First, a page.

Science student set up for success
Research opportunities with Alberta Agriculture and Forestry opens doors for King's student, Rhonda Thygesen, to pursue her passions following graduation.
Rhonda Thygesen, fourth year biology student, spent last summer as a research student in Lethbridge, Alta. with Alberta Agriculture and Forestry, winning awards from the Alberta Beekeeper’s Commission (ABC), and securing research opportunities with the University of British Columbia.
“The science program at King’s is amazing and really sets you up for success,” says Rhonda. “Initially, I felt like a 'baby academic'. I spent a lot of time talking to my professors figuring out how to bridge the gap between where I was and where I wanted to be. Without them I wouldn’t have even applied for my summer job. King’s has helped me to get these opportunities.”
As a student research assistant working with a larger apiculture team - including King's alumna, Lynae Ovinge (B.Sc. '09) - Rhonda spent her summer collecting data, managing over 200 research hives, queen rearing, photographing bees, and many other tasks. Rhonda and the team focused on finding ways to improve honeybee health such as pest management, nutrition, and raising local Queen bees.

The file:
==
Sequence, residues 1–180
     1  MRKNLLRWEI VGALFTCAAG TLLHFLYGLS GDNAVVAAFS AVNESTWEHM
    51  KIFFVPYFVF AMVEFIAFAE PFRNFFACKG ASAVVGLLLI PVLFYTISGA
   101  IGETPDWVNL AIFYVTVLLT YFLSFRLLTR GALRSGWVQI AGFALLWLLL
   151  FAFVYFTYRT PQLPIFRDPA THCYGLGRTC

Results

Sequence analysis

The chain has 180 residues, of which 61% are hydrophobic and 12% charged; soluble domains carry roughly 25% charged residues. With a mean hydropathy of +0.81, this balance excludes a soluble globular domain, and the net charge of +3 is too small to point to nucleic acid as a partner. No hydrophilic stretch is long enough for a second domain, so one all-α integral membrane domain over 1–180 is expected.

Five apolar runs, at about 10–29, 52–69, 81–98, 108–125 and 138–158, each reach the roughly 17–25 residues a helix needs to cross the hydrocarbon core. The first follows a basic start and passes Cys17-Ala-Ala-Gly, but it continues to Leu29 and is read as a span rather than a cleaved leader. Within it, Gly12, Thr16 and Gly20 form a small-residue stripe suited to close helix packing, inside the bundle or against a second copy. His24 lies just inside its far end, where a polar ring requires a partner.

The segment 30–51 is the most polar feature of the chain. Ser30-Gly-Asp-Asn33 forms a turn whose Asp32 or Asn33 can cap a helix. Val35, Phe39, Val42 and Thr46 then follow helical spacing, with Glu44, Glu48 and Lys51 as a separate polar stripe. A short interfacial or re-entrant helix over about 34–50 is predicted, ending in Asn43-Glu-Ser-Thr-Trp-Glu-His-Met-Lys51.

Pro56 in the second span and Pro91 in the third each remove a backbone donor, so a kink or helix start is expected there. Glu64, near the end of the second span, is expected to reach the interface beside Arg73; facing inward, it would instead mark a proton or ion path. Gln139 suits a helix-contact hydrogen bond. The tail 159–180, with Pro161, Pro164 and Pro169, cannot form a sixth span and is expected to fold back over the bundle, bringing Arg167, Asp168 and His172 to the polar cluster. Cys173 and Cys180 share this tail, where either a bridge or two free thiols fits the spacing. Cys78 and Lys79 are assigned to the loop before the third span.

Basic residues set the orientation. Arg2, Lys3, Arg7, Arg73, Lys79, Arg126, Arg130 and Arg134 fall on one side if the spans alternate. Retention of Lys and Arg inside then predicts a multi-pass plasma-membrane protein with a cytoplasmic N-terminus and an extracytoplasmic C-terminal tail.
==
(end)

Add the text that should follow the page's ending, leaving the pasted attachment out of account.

On November 5, 2019, Rhonda was awarded the Alberta Beekeeper Bursary by the Alberta Beekeeper’s Commission as a student who continues to work in bee health. Currently, Rhonda is working on a student research project at King’s with Dr. Heather Prior studying one of the leading health concerns among honeybees, American FoulBrood Disease, and considering its treatment with bacteriophage therapy.
“I never would have guessed I would be so excited to work with bees,” explains Rhonda. “Receiving the bursary from the ABC was a humbling experience. It has definitely encouraged me to continue fearlessly pursuing something I have become so passionate about."
These experiences through King’s have set Rhonda up for further success in her academic future. Rhonda has recently accepted a research position with the University of British Columbia where she will be working with bees inside the lab, as well as outside the lab, in Vancouver and the Fraser Valley beginning in April 2020.
Learn more about research at King's, and browse through other student research profiles in King’s research database.